Age (weeks)52–5859–6364–6869–7374–7879–80
Adenocarcinoma         
>5 mm   1s1 5s1 8s1 1s1 23s1 38 
≤5 mm      2s1 1s2 
≤4 mm   1s1 1s1 1s1  2s3 
≤3 mm   1s1    
Borderline    1r3 3r2 
Adenoma   1r1 11r1 23 
No tumor  4r4 1r4 2r1 8r1 20 
Total  15 16 49 100 
HistologyNo. of rats in each groupTotal
Age (weeks)52–5859–6364–6869–7374–7879–80
Adenocarcinoma         
>5 mm   1s1 5s1 8s1 1s1 23s1 38 
≤5 mm      2s1 1s2 
≤4 mm   1s1 1s1 1s1  2s3 
≤3 mm   1s1    
Borderline    1r3 3r2 
Adenoma   1r1 11r1 23 
No tumor  4r4 1r4 2r1 8r1 20 
Total  15 16 49 100 
Table 2

Summary of the results of QTL mapping

Susceptibility was scored as 2 (susceptible) or 0 (resistant). Histological grade and depth of tumor invasion were classified arbitrarily. Tumor size was measured as tumor diameter in mm. LOD scores greater than 2.0 are underlined.

TraitPopulation usedChr. 3 D3Rat55Chr. 4 AmppChr. 15 D15Rat102Chr. 16 D16Rat17
LOD scoreEffectLOD scoreEffectLOD scoreEffectLOD scoreEffect
Carcinoma development R1S3 (n = 69) 1.88 −0.64 2.38 −0.74 3.84 0.95 0.10 −0.16 
 R2S3 (n = 72) 2.41 −0.72 2.48 −0.74 3.84 0.95 0.11 −0.16 
 R3S3 (n = 73) 2.59 −0.75 2.70 −0.76 3.41 0.87 0.05 −0.11 
 R4S3 (n = 78) 1.83 −0.63 1.67 −0.61 2.67 0.77 0.00 0.00 
Histological grade EAa (n = 100) 0.90 −0.60 0.89 −0.58 2.22 0.96 0.02 −0.09 
 ET (n = 80) 0.48 −0.39 0.26 −0.29 3.55 1.13 0.01 −0.05 
 EC (n = 48) 0.10 0.11 0.64 0.30 0.01 0.04 1.11 −0.37 
 FA (n = 49) 0.76 −0.80 0.87 −0.85 2.11 1.42 1.02 −0.95 
 FT (n = 41) 0.44 −0.55 0.48 −0.57 2.98 1.44 1.08 −0.87 
 FC (n = 27) 0.07 0.14 0.54 0.39 0.34 −0.36 1.80 −0.65 
Depth of tumor invasion EA (n = 100) 0.55 −0.21 0.74 −0.31 0.36 0.37 0.22 −0.29 
 ET (n = 80) 0.20 −0.23 0.08 −0.14 1.20 0.56 0.33 −0.30 
 EC (n = 48) 0.16 0.25 0.13 0.24 0.00 0.03 1.27 −0.68 
 FA (n = 49) 0.33 −0.50 0.21 −0.40 1.06 0.88 1.69 −1.13 
 FT (n = 41) 0.07 −0.20 0.00 −0.05 1.13 0.79 2.17 −1.13 
 FC (n = 27) 0.27 0.46 0.56 0.66 0.03 −0.19 2.33 −1.31 
Tumor size EA (n = 100) 0.18 −1.65 0.05 −0.86 1.42 4.55 0.60 −3.04 
 ET (n = 80) 0.05 −1.02 0.01 0.34 1.30 5.06 0.61 −3.55 
 EC (n = 48) 0.17 2.66 0.38 4.13 0.10 2.13 1.50 −7.62 
 FA (n = 49) 0.11 −2.30 0.07 −1.78 1.32 7.59 2.07 −9.63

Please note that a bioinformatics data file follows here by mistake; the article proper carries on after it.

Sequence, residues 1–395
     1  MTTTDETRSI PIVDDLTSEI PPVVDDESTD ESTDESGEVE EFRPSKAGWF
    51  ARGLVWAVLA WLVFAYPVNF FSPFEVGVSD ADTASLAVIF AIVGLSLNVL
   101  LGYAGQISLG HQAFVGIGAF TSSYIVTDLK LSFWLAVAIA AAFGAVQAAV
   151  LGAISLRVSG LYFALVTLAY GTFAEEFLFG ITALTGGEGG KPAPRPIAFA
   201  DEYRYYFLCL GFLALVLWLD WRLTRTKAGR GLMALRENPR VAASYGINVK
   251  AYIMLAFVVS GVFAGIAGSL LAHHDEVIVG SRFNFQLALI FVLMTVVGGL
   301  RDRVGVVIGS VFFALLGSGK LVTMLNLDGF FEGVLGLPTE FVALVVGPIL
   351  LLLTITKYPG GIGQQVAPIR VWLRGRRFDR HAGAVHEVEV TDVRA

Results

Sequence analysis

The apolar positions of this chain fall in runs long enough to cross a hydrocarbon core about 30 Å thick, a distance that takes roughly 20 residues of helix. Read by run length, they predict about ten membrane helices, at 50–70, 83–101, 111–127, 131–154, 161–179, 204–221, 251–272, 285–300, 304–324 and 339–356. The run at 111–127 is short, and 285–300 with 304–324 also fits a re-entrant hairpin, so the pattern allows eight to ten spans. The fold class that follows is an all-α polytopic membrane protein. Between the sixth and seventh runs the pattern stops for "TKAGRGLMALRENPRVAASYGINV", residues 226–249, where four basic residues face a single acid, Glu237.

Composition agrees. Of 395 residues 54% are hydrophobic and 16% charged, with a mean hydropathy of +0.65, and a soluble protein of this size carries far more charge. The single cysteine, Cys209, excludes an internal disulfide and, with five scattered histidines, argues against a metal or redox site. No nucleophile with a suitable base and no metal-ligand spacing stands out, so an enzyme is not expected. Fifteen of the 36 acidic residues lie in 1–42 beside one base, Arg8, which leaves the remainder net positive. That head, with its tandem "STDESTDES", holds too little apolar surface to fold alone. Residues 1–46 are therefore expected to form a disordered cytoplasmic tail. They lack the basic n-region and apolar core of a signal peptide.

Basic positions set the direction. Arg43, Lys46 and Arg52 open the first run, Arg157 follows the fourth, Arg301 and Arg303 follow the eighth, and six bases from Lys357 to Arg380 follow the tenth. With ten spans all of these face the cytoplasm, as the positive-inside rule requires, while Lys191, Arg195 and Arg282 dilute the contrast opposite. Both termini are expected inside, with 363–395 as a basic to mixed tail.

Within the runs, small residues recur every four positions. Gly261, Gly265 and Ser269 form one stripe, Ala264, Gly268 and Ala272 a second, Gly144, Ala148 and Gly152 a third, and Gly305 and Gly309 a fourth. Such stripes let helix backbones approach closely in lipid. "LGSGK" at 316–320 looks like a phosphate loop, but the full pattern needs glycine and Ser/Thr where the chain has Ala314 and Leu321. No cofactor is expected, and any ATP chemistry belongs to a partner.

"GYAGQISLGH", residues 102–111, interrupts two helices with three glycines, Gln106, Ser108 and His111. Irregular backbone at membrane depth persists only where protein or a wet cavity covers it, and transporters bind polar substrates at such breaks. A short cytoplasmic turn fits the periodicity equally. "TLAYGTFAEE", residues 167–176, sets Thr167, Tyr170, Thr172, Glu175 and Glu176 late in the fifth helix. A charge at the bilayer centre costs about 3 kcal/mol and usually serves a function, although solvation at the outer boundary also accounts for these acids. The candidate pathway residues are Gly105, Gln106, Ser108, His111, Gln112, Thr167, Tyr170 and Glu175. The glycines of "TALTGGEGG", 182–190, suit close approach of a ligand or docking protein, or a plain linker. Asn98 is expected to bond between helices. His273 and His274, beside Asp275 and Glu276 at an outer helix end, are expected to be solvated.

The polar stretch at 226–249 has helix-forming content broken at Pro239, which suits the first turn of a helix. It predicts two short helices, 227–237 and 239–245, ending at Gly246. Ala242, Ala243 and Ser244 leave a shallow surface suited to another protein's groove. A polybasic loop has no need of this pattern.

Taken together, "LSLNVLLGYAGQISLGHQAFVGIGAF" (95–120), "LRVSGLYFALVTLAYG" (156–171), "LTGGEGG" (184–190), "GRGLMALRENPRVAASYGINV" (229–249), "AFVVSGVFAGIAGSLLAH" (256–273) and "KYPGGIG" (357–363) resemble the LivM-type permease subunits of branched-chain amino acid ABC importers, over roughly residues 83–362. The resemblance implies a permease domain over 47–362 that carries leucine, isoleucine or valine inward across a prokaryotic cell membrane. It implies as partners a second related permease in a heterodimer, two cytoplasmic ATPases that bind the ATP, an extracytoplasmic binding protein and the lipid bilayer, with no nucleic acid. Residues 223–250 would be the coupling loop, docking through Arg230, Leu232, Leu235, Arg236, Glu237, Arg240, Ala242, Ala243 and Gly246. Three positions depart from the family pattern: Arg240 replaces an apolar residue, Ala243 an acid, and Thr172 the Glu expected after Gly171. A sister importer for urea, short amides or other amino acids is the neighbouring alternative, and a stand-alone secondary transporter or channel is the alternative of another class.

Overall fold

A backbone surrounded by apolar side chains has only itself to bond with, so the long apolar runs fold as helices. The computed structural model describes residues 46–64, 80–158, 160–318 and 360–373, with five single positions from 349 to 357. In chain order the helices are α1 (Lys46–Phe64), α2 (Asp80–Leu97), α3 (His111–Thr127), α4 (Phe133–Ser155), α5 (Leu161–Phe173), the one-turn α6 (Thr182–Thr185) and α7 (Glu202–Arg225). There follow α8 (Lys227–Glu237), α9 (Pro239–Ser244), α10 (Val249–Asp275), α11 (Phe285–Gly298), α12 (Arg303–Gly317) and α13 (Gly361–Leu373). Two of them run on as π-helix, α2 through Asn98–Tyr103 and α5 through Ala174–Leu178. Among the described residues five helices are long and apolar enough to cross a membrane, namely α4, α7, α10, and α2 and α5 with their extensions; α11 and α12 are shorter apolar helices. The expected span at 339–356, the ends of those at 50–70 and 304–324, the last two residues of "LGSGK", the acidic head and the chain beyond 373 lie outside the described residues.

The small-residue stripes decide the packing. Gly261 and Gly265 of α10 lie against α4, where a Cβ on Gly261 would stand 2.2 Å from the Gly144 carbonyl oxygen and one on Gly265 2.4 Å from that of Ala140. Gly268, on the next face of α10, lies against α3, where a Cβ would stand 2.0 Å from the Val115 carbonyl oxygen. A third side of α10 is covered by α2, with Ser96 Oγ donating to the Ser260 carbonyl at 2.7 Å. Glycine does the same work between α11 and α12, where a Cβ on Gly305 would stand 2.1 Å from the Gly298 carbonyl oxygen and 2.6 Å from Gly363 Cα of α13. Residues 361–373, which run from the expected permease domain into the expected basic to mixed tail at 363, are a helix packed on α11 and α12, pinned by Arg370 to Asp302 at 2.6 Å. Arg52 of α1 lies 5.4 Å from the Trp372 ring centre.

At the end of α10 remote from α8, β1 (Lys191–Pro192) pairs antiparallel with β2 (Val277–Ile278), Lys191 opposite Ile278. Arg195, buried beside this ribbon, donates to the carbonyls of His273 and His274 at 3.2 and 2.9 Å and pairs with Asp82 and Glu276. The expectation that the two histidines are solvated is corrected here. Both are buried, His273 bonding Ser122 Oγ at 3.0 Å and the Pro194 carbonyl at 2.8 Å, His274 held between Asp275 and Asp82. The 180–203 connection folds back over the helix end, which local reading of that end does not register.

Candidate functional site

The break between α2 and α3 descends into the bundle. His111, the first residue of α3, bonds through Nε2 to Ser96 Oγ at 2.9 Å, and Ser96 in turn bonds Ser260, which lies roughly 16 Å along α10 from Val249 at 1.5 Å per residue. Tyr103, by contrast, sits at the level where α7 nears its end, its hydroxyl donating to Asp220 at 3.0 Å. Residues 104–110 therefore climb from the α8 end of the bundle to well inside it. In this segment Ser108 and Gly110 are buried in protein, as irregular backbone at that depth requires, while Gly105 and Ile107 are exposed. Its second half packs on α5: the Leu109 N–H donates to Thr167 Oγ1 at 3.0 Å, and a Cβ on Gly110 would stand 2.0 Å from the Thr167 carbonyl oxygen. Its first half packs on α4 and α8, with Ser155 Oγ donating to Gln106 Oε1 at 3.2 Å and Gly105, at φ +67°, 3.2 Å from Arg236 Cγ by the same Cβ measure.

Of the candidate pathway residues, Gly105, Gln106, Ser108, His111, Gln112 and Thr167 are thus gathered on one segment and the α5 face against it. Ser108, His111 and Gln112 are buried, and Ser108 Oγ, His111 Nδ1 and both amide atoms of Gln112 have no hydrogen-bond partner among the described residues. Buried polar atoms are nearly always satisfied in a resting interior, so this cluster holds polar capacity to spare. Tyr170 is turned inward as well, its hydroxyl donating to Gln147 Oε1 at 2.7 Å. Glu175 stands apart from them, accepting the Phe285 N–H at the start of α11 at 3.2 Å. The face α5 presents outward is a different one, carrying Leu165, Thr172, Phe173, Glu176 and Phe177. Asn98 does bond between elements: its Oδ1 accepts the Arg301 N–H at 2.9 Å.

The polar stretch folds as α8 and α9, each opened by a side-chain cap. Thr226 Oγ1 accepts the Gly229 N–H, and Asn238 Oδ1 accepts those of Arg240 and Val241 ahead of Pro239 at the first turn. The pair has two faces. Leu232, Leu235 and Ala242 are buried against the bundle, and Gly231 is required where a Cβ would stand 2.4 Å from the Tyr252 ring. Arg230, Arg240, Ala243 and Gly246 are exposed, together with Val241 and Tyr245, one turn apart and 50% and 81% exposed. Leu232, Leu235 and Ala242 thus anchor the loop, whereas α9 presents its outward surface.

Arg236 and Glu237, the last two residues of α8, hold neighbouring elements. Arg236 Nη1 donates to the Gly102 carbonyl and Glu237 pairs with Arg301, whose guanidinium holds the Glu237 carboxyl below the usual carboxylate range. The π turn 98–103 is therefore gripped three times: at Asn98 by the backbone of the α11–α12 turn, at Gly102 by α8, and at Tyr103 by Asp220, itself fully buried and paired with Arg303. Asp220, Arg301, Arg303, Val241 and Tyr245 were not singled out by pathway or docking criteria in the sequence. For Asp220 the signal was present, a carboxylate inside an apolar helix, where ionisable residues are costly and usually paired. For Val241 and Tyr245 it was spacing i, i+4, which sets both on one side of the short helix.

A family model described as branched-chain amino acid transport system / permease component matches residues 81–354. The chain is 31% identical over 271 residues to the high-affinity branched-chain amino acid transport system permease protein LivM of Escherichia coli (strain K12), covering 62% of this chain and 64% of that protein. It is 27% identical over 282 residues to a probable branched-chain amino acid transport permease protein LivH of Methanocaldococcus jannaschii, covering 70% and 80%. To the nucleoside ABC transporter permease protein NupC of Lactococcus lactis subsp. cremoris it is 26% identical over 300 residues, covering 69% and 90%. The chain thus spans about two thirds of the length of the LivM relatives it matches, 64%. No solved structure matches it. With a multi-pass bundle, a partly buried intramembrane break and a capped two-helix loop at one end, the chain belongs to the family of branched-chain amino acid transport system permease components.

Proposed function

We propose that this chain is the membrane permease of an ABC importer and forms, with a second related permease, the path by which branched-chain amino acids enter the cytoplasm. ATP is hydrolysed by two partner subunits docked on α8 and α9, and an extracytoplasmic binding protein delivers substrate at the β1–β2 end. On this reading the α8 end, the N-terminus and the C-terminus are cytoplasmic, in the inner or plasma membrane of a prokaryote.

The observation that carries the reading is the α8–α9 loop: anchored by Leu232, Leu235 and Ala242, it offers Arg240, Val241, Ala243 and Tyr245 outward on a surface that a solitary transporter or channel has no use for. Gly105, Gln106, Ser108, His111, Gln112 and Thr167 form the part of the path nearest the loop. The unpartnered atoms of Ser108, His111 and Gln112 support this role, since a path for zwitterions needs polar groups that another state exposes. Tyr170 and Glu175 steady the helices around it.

FT (n = 41) 0.03 −1.34 0.00 −0.45 1.09 7.87 1.92 −10.30 
 FC (n = 27) 0.19 4.36 0.26 5.30 0.07 3.17 1.77 −12.80 
TraitPopulation usedChr. 3 D3Rat55Chr. 4 AmppChr. 15 D15Rat102Chr. 16 D16Rat17
LOD scoreEffectLOD scoreEffectLOD scoreEffectLOD scoreEffect
Carcinoma development R1S3 (n = 69) 1.88 −0.64 2.38 −0.74 3.84 0.95 0.10 −0.16 
 R2S3 (n = 72) 2.41 −0.72 2.48 −0.74 3.84 0.95 0.11 −0.16 
 R3S3 (n = 73) 2.59 −0.75 2.70 −0.76 3.41 0.87 0.05 −0.11 
 R4S3 (n = 78) 1.83 −0.63 1.67 −0.61 2.67 0.77 0.00 0.00 
Histological grade EAa (n = 100) 0.90 −0.60 0.89 −0.58 2.22 0.96 0.02 −0.09 
 ET (n = 80) 0.48 −0.39 0.26 −0.29 3.55 1.13 0.01 −0.05 
 EC (n = 48) 0.10 0.11 0.64 0.30 0.01 0.04 1.11 −0.37 
 FA (n = 49) 0.76 −0.80 0.87 −0.85 2.11 1.42 1.02 −0.95 
 FT (n = 41) 0.44 −0.55 0.48 −0.57 2.98 1.44 1.08 −0.87 
 FC (n = 27) 0.07 0.14 0.54 0.39 0.34 −0.36 1.80 −0.65 
Depth of tumor invasion EA (n = 100) 0.55 −0.21 0.74 −0.31 0.36 0.37 0.22 −0.29 
 ET (n = 80) 0.20 −0.23 0.08 −0.14 1.20 0.56 0.33 −0.30 
 EC (n = 48) 0.16 0.25 0.13 0.24 0.00 0.03 1.27 −0.68 
 FA (n = 49) 0.33 −0.50 0.21 −0.40 1.06 0.88 1.69 −1.13 
 FT (n = 41) 0.07 −0.20 0.00 −0.05 1.13 0.79 2.17 −1.13 
 FC (n = 27) 0.27 0.46 0.56 0.66 0.03 −0.19 2.33 −1.31 
Tumor size EA (n = 100) 0.18 −1.65 0.05 −0.86 1.42 4.55 0.60 −3.04 
 ET (n = 80) 0.05 −1.02 0.01 0.34 1.30 5.06 0.61 −3.55 
 EC (n = 48) 0.17 2.66 0.38 4.13 0.10 2.13 1.50 −7.62 
 FA (n = 49) 0.11 −2.30 0.07 −1.78 1.32 7.59 2.07 −9.63 
 FT (n = 41) 0.03 −1.34 0.00 −0.45 1.09 7.87 1.92 −10.30 
 FC (n = 27) 0.19 4.36 0.26 5.30 0.07 3.17 1.77 −12.80 
a

EA, all effective rats; ET, rats with tumors; EC, rats with carcinomas; FA, full-term rats; FT, full-term rats with tumors;FC, full-term rats with carcinomas.

Table 3

Coordinate effect of Gcs1, Gcr1, and Gcr2 on carcinoma development

Incidences of stomach cancers are shown in each group of rats classified by the genotypes of Gcs1 (D15Rat102), Gcr1 (Ampp), and Gcr2(D3Rat55). Criterion R3S3 was used to diagnose susceptible and resistant rats in this Table.

Gcs1 (D15Rat102)AAAB
Gcr1 (Ampp)AAABAAAB
Gcr2 (D3Rat55)AAABAAABAAABAAAB
Effective rats (n12 13 13 12 11 
Rats with stomach cancer (n13 12 
Incidence (%) 67 50 23 100 100 100 36 
Gcs1 (D15Rat102)AAAB
Gcr1 (Ampp)AAABAAAB
Gcr2 (D3Rat55)AAABAAABAAABAAAB
Effective rats (n12 13 13 12 11 
Rats with stomach cancer (n13 12 
Incidence (%) 67 50 23 100 100 100 36 
Table 4

Classification of the backcross rats by the histological grade and effect of Gcs1

BUF allele in Gcs1 (D15Rat102) increased the incidence of stomach cancer, mainly by promoting conversion from adenomas to carcinomas.

HistologyScoreAll effective ratsRats surviving full term
TotalD15Rat102TotalD15Rat102
AAABAAAB
No tumor  20 11 
Adenoma 23 17 11 
Borderline 
Adenocarcinoma  48 14 34 27 21 
Well-differentiated 28 19 14 12 
Moderately differentiated 18 14 11 
Poorly differentiated or signet-ring cell 
Total  100 47 53 49 22 27 
HistologyScoreAll effective ratsRats surviving full term
TotalD15Rat102TotalD15Rat102
AAABAAAB
No tumor  20 11 
Adenoma 23 17 11 
Borderline 
Adenocarcinoma  48 14 34 27 21 
Well-differentiated 28 19 14 12 
Moderately differentiated 18 14 11 
Poorly differentiated or signet-ring cell 
Total  100 47 53 49 22 27 
Table 5

Classification of the backcross rats by the depth of tumor invasion and effect of Gcr3

BUF allele in Gcr3 (D16Rat17) was shown to reduce the depth of tumor invasion in the full-term rats.

DepthScoreAll effective ratsRats surviving full term
TotalD16Rat17TotalD16Rat17
AAABAAAB
No tumor  20 11 
Mucosa 11 
Submucosa 35 14 21 18 14 
Muscularis propria 18 11 
Subserosa 10 
Serosa exposed 
Total  100 43 57 49 17 32 
DepthScoreAll effective ratsRats surviving full term
TotalD16Rat17TotalD16Rat17
AAABAAAB
No tumor  20 11 
Mucosa 11 
Submucosa 35 14 21 18 14 
Muscularis propria 18 11 
Subserosa 10 
Serosa exposed 
Total  100 43 57 49 17 32 

We thank Y. Hosoya for excellent technical assistance.